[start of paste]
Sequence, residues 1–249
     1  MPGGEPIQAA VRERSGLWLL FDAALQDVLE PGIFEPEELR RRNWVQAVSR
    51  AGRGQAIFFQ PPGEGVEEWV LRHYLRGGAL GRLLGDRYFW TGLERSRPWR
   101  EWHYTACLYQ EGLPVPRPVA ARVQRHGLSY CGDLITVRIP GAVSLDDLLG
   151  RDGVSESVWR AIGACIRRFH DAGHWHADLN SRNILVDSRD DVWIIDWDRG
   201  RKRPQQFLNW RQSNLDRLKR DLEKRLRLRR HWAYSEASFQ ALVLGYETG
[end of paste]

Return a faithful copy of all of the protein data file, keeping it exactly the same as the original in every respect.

Sequence, residues 1–249
     1  MPGGEPIQAA VRERSGLWLL FDAALQDVLE PGIFEPEELR RRNWVQAVSR
    51  AGRGQAIFFQ PPGEGVEEWV LRHYLRGGAL GRLLGDRYFW TGLERSRPWR
   101  EWHYTACLYQ EGLPVPRPVA ARVQRHGLSY CGDLITVRIP GAVSLDDLLG
   151  RDGVSESVWR AIGACIRRFH DAGHWHADLN SRNILVDSRD DVWIIDWDRG
   201  RKRPQQFLNW RQSNLDRLKR DLEKRLRLRR HWAYSEASFQ ALVLGYETG